Born: February 7, 1955 Primary Instrument: Guitar
LARRY WILLIAMS always does it with style...-
...having made a life thinking outside the box” and playing a variety of instruments, covering many genres. The toughest part in describing this man is- where to start.
It was Larry's father, James Wilmon Williams who put a horn in his eight year old son's hands and gave him his first lessons.
“The real irony is, I didn't even want to play the trumpet.” Larry recalls.”As I was heading for the drums at a band camp just before 7th grade, I felt my dad's hand grab the back of my shirt collar, and reposition my footsteps toward the brass section. So it was my destiny?
Anyway, it's funny the things we remember.”
By the time he was 12, Larry had begun formal lessons in Orlando, Florida [with a private instructor] starting with Willie Thomas (“Jazz Everyone”) later moving on to two Florida Symphony players- David G. Sapp, and Charles Gottschalk. Later still, it would be
Ira Sullivan who would become Larry's “Jazz Finishing School”.
By 14, he held the principal trumpet chair in the Florida Youth Symphony.
During his two year tenure, he realized the traditional role of trumpet in the orchestra always left him craving more involvement and would find himself tuning in to the other voices, formulating his own opuses in his mind. Thus, an interest in composition had already started to blossom.
Jazz wouldn't come Larry's way until college, when Dr. William J. Hinkle (Seminole Community College) managed to interest him in some of the wide range of great players.
So, not long after exposure to Doc Severinsen, Freddie Hubbard, Miles Davis, and Maynard Ferguson, young Larry abandoned the symphony and turned his focus to jazz.
Shortly thereafter, Larry enlisted into the 298th Army Band in Berlin (and later, the 3rd Infantry Division Band in Wurzburg) and that focus for jazz had turned into deep passion from being surrounded by the European music scene of the times. (1975-77)
After living and performing overseas, Larry returned home and soon became known throughout Central Florida as a headliner in his own right. Showcasing his startling variety of interests, (from classical to jazz, funk to rock, from world music to americana, from pop to the avante-garde, and everything in between) he would then record five records in succession as a leader, (“The Leading Brand” 1987, “Emotional” 1988, “Tapestry” 1989, “And the Angels Were Dancing” 1992, and “A Time To Play” 1993) While still being very much in demand in the free-lance world, it was at this time that Larry came into his own as a composer, arranger, and songwriter.
Since relocating to Los Angeles in 1999, Larry became immediately involved in gigs and projects alongside the established jazzmen, (Bill Watrous, Ernie Watts, Bobby Shew, Ron Stout, Kim Richmond, Brandon Fields, Brian Auger, Eric Marienthal, and more) A highly competent and creative stylist, Larry quickly found himself in demand as a composer/arranger and performer in the studios and stages of Hollywood.
His second year in Los Angeles, Larry recorded “The Bridge” featuring an all L.A. Band. “All About Jazz” reviewer Dan McClanaghan says, “ Williams is one of those pro musicians with a wide range of experience- familiar with the American Songbook. Indeed,his own composition The Sentimental Way You Are is a beautiful song, like a long lost Cole Porter tune, one of those late night, unlucky in love melodies.”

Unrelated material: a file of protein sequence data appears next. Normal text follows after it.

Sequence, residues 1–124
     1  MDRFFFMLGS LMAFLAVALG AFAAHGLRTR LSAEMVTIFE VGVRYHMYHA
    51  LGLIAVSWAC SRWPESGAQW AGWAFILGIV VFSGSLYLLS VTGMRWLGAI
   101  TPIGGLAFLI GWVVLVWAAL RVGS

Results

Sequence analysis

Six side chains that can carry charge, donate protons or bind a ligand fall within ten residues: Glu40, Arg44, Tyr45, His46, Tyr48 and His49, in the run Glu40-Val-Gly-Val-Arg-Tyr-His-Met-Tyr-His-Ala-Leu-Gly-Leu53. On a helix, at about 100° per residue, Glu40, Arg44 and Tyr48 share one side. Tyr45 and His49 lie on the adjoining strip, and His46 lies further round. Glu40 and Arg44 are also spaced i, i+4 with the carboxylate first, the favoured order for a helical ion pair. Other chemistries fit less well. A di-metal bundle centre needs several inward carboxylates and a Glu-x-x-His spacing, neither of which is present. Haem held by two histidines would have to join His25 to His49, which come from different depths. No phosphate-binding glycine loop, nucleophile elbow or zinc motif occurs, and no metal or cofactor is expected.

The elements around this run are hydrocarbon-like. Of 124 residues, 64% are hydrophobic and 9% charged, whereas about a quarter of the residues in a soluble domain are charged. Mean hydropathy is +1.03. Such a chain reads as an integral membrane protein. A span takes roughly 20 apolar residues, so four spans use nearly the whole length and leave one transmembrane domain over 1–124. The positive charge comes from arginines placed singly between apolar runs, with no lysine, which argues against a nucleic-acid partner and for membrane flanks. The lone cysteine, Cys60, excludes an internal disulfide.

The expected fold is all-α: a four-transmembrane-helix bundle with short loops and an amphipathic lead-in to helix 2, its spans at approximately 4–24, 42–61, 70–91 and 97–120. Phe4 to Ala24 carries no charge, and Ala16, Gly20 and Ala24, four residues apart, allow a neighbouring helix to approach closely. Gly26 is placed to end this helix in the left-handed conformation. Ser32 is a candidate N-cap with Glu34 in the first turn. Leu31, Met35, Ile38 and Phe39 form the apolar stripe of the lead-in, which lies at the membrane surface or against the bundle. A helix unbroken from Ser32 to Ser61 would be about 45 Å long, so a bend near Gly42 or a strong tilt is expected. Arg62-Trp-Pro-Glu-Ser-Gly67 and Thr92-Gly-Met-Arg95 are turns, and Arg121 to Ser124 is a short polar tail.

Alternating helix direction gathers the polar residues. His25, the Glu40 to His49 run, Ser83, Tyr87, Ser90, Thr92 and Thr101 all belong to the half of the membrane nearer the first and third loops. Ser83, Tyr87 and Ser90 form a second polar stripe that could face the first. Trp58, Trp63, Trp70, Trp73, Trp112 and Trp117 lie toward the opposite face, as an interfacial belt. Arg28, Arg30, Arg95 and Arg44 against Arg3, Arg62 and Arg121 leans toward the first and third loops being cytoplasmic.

Trumpet great Bobby Shew, who also wrote the liner notes, calls it “tremendous!”
Two more albums sprung from this new scene- a piano album, “Works for Piano” 2002, and “Arising” 2006, a series of live recordings from Larry's improvisational group- the LAQT.
At the onset of 2011 however, this accomplished and celebrated “trumpetist” took another bold leap, one that will change his life forever. By placing his trumpet permanently in its case as of Jan. 1st, Larry is focusing his musical voice in a different direction- thus launching a new performance phase of his career. Guitar, EWI, voice, and percussion will become the new palettes.
The newest release, “Tales of Wilmon” is dedicated to his father. It is unique in that it merges contemporary energies with classical concerto tradition. He certainly has a gift for the utterly apt melodic expression of strong emotion along with a sure rhythmic sense. This album also marks the last of Larry's trumpet, even on his own projects.
Because he plays guitar, trumpet, EWI, percussion and sings all vocals on the record, a band ethic proposed a bit of a challenge in the early stages of instrument choices SO,
The band, a quintet, is called, “Wilmon Will” and is made up of violin, clarinet/bass clarinet/soprano & alto recorders, 7-string bass, and percussion (cajon/shakers/triangles, etc) with Larry on nylon, steel and electric guitars and vocals.
Wilmon Will plays with reckless bravura! -which exemplifies the luxuriant interplay between the violin and clarinet with guitar rising out of the cajon, the tapping of the 7 string bass (almost as a separate entity) to engage in poignant chamber jazz music conversations among themselves. This is all the more striking idea for having occurred within the context of the so called “pop” music structure.
The novelty of idea, the agreeable consequence to the soul, and momentum of a joyous dance are all at play within this music.
So, one thing you can always count on- whatever it is, Larry Williams will be doing it with style.
Joy Magruder www.joybop.com
The Bridge (2002)
And the Angels Were Dancing (2004)
Works for Piano (2003)
A Time To Play (1995)
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